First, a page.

EUROPE’s border agency is predicting a further increase in ‘illegal’ migration to Spain this year.
The organisation, known as Frontex, says arrivals by sea will rise again, after numbers in 2017 more than doubled on the previous year.
UN data suggests more than 22,000 people arrived by sea last year, with more than 6,000 arriving by land. Nearly 200 are dead or missing.
The most common nationalities migrating to Spain last year were Moroccans and Algerians.
Frontex noted that while numbers arriving in Italy and Greece via Libya have dropped, the number of people using these routes remains far higher than those coming to Spain.
Earlier this year, the UN said Spain had seen the highest number of migrant arrivals of any European nation.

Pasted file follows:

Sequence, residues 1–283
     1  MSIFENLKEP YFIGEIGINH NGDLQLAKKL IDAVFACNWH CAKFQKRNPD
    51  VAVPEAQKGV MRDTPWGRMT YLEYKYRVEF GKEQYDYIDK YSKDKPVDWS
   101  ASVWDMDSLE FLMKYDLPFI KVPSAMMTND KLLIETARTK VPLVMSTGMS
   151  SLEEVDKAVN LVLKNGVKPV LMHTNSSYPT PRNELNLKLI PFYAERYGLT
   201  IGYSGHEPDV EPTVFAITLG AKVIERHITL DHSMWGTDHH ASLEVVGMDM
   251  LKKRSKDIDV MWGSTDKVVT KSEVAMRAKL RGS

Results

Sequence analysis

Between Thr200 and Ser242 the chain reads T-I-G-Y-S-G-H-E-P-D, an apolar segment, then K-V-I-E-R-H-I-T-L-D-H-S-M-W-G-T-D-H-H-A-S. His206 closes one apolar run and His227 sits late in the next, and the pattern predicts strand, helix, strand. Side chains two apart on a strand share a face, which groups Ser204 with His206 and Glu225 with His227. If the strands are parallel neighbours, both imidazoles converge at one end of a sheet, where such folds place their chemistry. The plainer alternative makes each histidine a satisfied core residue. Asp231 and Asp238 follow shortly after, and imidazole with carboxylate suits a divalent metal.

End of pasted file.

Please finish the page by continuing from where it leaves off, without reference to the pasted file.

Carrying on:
But the country does not have adequate facilities to house all of them. It recently used an unopened prison in Archidona as temporary accommodation for a group of over 500 Algerian migrants.
The situation in Archidona – and Spain’s treatment of migrants more generally has sparked widespread and international criticism.
Speaking about the reasons why migrants were choosing Spain, Frontex director Fabrice Leggeri told Reuters: ”Economic migrants don’t want to end up in a country (Libya) where there are clashes between armed groups… there are individual cases considering finding an alternative route.
“But the (small) numbers do not make it possible to say there is a displacement.
“The flows arriving from Maghreb countries to Spain are very likely to increase (in 2018),” Leggeri added, suggesting that speed boats, also related to drug trafficking, were being used to move migrants.
Frontex say they are finalising plans to make a border operation in the west Mediterranean.